Where flammable cladding needs replacing on tower blocks, students are getting preferential treatment, it seems.
By April 2020, two thirds of purpose built student accommodation blocks that needed their cladding replaced had been fixed. By comparison, in the private residential sector, which includes owner-occupiers and well as private tenants, only one in seven has been put right.
These numbers are in a report by the National Audit Office (NAO) report, published today, Investigation into remediating dangerous cladding on high-rise buildings.
Another key finding is that the government’s timetable for replacing towers clad in dangerous systems other than aluminium composite material (non-ACM) looks totally unrealistic.
Three years on from the Grenfell Tower fire, which exposed fault lines in UK building regulations and the lethal dangers of certain popular cladding systems, progress is being made in removing dangerous cladding from high-rise residential buildings, the government spending watchdog says. But the picture is very mixed.
In the private residential sector, in particular, the pace of work has been slower than the government had expected.
In the wake of the Grenfell Tower fire, the Ministry of Housing, Communities & Local Government (MHCLG) established the Building Safety Programme. One of the main objectives is to ‘oversee and support the remediation of high-rise residential buildings that have unsafe aluminium composite material (ACM) cladding’.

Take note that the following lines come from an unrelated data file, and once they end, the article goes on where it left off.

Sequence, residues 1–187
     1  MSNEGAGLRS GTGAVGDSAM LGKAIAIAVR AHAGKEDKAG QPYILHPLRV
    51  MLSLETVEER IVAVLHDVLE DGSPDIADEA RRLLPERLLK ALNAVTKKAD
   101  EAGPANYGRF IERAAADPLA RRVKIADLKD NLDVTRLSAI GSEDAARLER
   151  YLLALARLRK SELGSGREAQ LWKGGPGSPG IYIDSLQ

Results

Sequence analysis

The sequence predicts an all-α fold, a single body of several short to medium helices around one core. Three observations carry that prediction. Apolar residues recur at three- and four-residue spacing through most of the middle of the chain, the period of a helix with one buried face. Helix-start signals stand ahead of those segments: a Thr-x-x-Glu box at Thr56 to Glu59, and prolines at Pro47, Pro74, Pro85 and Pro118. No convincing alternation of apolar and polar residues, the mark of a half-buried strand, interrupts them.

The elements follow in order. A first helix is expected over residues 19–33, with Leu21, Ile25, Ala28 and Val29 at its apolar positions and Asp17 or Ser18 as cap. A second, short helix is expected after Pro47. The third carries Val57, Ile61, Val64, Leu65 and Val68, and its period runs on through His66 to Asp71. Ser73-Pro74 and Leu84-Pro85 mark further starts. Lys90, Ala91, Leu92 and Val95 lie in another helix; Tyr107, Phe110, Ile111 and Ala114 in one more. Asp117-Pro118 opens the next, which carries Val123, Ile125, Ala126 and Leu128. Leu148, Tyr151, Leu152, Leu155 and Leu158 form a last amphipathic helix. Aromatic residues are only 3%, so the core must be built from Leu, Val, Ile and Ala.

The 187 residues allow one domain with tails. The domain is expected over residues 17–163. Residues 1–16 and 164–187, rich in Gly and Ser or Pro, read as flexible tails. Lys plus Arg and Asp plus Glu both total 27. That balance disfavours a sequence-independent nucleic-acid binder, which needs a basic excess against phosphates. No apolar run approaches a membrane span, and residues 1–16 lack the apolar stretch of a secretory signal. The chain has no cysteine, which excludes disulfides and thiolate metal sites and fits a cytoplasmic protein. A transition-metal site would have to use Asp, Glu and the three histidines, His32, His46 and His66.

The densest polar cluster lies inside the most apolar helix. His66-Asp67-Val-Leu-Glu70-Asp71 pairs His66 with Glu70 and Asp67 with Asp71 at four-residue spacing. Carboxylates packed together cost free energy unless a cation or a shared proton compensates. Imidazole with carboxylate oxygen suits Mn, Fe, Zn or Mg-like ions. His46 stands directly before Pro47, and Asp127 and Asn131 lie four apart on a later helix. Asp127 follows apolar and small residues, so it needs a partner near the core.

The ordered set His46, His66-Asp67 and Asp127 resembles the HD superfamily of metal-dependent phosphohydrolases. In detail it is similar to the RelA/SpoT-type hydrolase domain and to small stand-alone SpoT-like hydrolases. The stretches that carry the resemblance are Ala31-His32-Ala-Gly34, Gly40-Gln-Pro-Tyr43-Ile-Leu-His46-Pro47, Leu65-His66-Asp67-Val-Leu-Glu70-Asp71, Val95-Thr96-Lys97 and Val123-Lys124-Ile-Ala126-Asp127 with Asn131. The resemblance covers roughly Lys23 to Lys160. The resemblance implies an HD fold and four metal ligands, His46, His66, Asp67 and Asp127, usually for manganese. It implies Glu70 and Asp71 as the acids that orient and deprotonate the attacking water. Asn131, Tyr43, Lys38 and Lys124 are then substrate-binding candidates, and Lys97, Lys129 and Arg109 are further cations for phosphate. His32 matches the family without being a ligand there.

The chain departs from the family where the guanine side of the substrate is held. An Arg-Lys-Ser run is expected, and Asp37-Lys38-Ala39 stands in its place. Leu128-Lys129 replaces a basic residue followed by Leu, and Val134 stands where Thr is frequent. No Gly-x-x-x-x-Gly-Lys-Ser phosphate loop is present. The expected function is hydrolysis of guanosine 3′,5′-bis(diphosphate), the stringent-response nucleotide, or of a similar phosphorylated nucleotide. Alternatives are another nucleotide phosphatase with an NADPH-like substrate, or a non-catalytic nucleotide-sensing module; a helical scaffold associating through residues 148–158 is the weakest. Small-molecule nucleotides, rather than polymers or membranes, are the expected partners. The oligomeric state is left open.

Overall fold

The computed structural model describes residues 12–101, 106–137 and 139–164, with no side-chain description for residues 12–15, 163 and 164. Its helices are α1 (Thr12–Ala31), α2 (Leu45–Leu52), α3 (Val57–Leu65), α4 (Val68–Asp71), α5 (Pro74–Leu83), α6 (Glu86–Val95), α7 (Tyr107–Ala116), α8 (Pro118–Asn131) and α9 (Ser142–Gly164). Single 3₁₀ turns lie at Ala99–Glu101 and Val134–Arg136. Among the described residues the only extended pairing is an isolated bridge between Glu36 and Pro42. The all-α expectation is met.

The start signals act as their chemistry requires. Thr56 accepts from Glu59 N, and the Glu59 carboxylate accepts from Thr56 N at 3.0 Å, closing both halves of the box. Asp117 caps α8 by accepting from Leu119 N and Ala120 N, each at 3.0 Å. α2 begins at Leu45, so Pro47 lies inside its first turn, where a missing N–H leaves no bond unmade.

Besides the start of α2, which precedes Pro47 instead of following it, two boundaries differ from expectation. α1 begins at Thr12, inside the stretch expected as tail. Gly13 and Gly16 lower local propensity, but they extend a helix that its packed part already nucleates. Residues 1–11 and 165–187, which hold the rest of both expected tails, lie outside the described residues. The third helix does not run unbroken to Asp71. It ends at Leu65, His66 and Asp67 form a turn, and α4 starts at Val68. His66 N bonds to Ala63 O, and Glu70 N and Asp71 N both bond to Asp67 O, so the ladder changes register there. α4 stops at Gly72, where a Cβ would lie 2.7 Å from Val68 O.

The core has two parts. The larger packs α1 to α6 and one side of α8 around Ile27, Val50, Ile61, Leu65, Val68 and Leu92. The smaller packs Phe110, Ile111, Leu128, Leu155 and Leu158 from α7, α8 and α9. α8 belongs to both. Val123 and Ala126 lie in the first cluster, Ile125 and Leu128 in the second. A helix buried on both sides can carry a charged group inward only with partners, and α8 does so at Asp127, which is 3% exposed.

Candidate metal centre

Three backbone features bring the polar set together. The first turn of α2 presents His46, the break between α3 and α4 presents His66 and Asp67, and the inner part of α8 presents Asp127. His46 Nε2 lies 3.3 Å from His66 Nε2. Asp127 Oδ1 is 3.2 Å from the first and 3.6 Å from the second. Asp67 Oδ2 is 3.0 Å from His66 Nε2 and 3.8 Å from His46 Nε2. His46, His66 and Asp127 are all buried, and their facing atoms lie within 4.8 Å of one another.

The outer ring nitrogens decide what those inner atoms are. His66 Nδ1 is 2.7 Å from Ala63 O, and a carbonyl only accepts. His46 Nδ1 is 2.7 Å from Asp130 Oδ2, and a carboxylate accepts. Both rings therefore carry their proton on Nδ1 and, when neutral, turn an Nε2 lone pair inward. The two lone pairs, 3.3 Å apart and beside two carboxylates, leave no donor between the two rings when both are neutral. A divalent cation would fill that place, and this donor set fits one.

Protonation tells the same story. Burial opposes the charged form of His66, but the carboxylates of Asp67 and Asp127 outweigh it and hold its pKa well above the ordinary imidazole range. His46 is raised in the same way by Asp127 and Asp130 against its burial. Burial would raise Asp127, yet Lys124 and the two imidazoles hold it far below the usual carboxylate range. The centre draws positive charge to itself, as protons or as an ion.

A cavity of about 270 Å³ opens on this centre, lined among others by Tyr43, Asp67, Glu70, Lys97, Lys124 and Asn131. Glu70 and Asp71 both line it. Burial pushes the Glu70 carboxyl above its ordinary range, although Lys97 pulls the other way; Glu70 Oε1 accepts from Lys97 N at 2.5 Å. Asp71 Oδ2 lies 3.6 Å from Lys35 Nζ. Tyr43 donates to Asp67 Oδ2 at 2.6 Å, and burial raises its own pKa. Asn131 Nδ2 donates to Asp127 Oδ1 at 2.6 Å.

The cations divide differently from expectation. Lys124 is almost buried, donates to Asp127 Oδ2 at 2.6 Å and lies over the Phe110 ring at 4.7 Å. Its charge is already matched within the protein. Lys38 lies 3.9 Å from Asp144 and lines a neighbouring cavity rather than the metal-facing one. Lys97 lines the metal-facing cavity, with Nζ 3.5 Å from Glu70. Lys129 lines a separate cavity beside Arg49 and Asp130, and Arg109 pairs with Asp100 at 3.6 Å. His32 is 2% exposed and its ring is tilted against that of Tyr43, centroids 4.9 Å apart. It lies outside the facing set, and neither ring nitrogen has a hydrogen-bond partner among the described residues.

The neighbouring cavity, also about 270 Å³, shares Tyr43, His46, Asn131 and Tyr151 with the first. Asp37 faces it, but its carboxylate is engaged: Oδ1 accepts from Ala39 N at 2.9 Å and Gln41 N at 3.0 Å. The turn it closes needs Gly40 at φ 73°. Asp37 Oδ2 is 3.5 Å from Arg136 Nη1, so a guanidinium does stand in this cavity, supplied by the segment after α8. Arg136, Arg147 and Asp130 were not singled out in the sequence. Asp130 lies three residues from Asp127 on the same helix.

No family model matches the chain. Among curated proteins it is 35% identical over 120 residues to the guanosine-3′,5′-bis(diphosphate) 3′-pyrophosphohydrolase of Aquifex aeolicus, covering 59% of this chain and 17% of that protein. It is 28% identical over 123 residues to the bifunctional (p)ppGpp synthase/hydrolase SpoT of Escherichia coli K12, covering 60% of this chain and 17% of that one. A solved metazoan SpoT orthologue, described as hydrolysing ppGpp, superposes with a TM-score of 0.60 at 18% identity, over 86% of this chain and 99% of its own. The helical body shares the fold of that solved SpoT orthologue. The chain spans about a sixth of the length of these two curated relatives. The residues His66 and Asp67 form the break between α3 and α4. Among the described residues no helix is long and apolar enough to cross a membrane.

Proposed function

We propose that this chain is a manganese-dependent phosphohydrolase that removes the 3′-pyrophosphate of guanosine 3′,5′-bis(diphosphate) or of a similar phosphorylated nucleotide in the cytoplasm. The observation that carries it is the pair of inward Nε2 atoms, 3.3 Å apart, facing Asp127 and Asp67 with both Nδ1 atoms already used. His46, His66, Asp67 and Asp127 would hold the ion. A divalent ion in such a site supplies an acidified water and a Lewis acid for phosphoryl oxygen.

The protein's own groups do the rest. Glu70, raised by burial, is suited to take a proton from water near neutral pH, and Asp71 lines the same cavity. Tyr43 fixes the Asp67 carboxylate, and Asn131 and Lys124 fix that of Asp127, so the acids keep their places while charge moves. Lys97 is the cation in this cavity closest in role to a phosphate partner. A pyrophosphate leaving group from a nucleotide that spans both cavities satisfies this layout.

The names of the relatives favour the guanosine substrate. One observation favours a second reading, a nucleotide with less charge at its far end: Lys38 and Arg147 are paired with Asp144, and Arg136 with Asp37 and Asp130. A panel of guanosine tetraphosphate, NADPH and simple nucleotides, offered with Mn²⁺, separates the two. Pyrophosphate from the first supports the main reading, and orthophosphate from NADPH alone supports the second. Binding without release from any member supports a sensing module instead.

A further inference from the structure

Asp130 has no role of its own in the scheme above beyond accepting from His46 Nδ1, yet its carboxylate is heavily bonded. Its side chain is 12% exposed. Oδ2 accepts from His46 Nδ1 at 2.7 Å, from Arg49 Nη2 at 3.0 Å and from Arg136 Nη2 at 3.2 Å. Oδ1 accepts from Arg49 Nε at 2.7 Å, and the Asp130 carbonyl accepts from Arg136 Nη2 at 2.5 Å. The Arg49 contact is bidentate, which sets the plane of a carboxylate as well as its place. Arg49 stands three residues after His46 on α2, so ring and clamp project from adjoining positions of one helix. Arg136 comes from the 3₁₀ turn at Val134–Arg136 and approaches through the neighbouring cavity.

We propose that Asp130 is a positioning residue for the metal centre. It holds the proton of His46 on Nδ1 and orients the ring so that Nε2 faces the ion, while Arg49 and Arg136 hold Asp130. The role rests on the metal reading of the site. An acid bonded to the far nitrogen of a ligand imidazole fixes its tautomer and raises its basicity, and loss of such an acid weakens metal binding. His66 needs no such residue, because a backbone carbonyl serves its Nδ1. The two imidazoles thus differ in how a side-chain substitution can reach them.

In May 2018 the ministry announced £400m to fund remediation in the social housing sector in England. In May 2019 it announced a further £200m for the remediation of equivalent buildings in the private housing sector.
By April 2020, 149 of the total 456 buildings which are 18 metres and above and have unsafe ACM cladding systems had been fully remediated, leaving 307 where remediation was not yet finished, of which work had not yet begun on 167.
The pace of remediation has been fastest in the student accommodation and social housing sectors, but slowest in the private residential sector. By April 2020, 66.7% of student accommodation blocks and 46.8% of social housing buildings had been fully remediated, compared to 13.5% of private sector residential buildings.
Student accommodation developments tend to have a single, easily identifiable owner. For private residential tower blocks, by contrast, it is usually difficult to identify who is legally responsible. By the end of April 2020, the MHCLG had paid out just £1.42m (0.7%) from the £200m private sector fund and £133m (33.3%) from its £400m social sector fund.
The ministry estimates that all buildings within scope of its funding will be remediated by mid-2022, with over 95% completed by the end of 2021. This is later than the expectation set in July 2019 by the then secretary of state, that “other than in exceptional circumstances, building owners should complete remediation […] by June 2020.”
The NAO says that this does not take account of the impacts of Covid-19: 60% of cladding remediation projects that were under way paused in April 2020., although most have now restarted after ministerial intervention.
Not all buildings with dangerous ACM cladding fall within scope of the government’s existing funding schemes for the social and private housing sectors. This includes high-rise hotels, student accommodation, and build-to-let blocks, as well as buildings below 18 metres. MHCLG is aware of seven build-to-let properties over 18 metres with unsafe ACM cladding which are not eligible for funding, because the private sector funding scheme is designed to avoid the costs of remediation being passed on to leaseholders. In the case of build-to-let properties, it believes that building owners have a legal and financial obligation to pay for remediation themselves.